Here's the roadblock I think you're going to encounter if you suggest that the kids host--if one of the kids has Christmas dinner, how will they have time to leave to go see the other side of the family? Let's say I had everyone over for Christmas dinner, I'd have to toss them out so we could go to the in-laws (and I can't have both groups at once--long story).

If I could make one suggestion--early next year, maybe Sept. or Oct, why not sit down with everyone and ask for suggestions as to how you all can have a family Christmas together--that besides being way too much work, you like seeing all of them together. Perhaps one of them may have a great brainstorm--and they might be really pleased at being involved in the problem-solving process. My in-laws have Thanksgiving the night before--mainly because my BIL is a waiter and works on the holiday, but it's a great idea because that frees the rest of us to visit the other sides of our families on 'the day'.

Good luck and hope you've managed to rest up by now.

    Bookmark   December 27, 2001 at 4:11PM
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My 2nd son and daughter spend Christmas Eve with their in-laws. My oldest son's wife is now orphaned -- both parents dead so there's no in-law conflict. She and her sisters and the families get together the week before Christmas. For twelve years we've celebrated Christmas Day all together at our house without any conflict for any of the families. There wasn't any conflict THIS year, either. They simply wanted the celebration when THEY wanted it and they didn't care about each other or us. It's not always the parents who need to "realize" how life is!

    Bookmark   December 27, 2001 at 4:45PM
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So then tell them no. You can't cater to them and then be upset. You either say no and put your foot down or do it and not complain.

    Bookmark   December 27, 2001 at 5:35PM
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Penny, your kids are running you ragged with selfish demands, and you're letting them.

Have a family meeting well before next Christmas and tell them when you're going to be hosting Christmas at your house, (a time and manner you can enjoy) and let them plan around it.

The way you've always done it sounds fine - be firm and enjoy your holiday next year. If any of them can't make the time you've set, let them visit whenever is convenient for them, but don't feel you have to put on a big spread for them. Maybe some cookies or snack food available - or a pot of soup on the stove - period. The time together is the important thing - not the food.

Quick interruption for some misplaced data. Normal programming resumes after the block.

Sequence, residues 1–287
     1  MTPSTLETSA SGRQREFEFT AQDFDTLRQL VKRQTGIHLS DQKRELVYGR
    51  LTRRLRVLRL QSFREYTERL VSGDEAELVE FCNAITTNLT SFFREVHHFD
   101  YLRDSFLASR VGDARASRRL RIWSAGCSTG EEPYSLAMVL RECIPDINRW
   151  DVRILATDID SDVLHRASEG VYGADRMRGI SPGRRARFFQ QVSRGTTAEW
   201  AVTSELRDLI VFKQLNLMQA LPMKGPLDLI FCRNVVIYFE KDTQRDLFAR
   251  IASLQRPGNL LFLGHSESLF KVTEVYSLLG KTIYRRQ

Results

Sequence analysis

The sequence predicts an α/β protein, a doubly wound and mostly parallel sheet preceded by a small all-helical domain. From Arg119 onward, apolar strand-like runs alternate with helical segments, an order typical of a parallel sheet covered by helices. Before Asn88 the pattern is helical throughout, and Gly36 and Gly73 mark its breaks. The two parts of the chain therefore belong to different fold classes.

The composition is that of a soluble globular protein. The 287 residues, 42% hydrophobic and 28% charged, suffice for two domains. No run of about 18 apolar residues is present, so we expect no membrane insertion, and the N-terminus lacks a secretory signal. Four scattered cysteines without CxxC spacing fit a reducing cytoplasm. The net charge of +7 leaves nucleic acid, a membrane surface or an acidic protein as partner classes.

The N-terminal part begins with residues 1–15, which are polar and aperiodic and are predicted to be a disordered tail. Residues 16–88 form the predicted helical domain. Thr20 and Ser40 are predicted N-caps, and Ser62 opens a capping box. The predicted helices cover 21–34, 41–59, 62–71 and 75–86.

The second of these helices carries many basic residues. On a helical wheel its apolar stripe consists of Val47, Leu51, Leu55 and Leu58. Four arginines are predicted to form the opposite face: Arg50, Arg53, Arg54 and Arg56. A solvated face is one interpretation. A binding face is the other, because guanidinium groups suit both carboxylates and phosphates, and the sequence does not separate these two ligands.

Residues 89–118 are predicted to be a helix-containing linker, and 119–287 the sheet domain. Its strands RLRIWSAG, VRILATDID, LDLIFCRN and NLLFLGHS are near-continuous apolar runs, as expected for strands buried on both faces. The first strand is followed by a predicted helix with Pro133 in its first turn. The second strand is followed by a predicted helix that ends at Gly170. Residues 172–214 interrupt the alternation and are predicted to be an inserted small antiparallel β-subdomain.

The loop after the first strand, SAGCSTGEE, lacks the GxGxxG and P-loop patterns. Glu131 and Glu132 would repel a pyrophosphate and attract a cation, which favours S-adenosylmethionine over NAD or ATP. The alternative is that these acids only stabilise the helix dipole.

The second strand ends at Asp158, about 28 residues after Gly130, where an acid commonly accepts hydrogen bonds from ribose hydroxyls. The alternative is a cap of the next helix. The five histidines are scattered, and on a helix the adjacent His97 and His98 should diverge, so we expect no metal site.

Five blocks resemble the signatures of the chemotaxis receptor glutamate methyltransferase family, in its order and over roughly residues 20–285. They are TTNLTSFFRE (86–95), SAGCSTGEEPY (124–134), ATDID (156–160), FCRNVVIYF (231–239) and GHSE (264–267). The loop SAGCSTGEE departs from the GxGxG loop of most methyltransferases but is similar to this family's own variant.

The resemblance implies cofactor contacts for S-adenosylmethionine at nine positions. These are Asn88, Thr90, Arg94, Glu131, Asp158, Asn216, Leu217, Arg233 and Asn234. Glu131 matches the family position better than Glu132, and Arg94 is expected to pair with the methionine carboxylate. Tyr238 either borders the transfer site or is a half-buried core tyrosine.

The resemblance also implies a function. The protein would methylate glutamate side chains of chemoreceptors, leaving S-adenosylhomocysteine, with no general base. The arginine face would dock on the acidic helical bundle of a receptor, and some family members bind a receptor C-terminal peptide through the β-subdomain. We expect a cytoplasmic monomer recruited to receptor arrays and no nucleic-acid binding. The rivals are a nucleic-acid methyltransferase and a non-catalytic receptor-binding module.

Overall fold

Bookmark   December 27, 2001 at 6:25PM
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Why don't you and your children celebrate christmas the weekend before christmas, then everyone can do whatever they want on eve and day.

    Bookmark   December 27, 2001 at 6:42PM
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You asked how we'd feel if our parents or in-laws suggested coming to our house for Christmas - I'd absolutely love it!

My mother and brother come to my house - no problem since my brother isn't married and has no children. I'd love it if my in-laws came, too. I don't want to host a Christmas meal for all my husband's nieces, nephews, brother, sister, SIL, BIL, etc., but I'd love to have my husband's parents here. (I would be happy to host a different holiday for all the in-laws, just not Christmas!)

My husband's family has a lot of Christmas celebrations - a separate celebration for each grandmother, then one for my husband's parents, and while his grandfather was living they had a separate celebration for him. That's four separate Christmases, it was exhausting! We've had a lot of frustration with Christmas over the years.

My suggestion would be to set a time that's convenient for you that all the kids could attend if they wanted to, and plan the meal and the gift exchange for that time. If they want to come some other time during the day, you're only obligated to have a meal and gift exchange during the time you've planned.

Or abandon the plan to have the whole family together for Christmas and visit your kids in their homes instead.

I'm sorry you had something that was working so well for you in years past and now is turned all topsy-turvey.

    Bookmark   December 27, 2001 at 8:32PM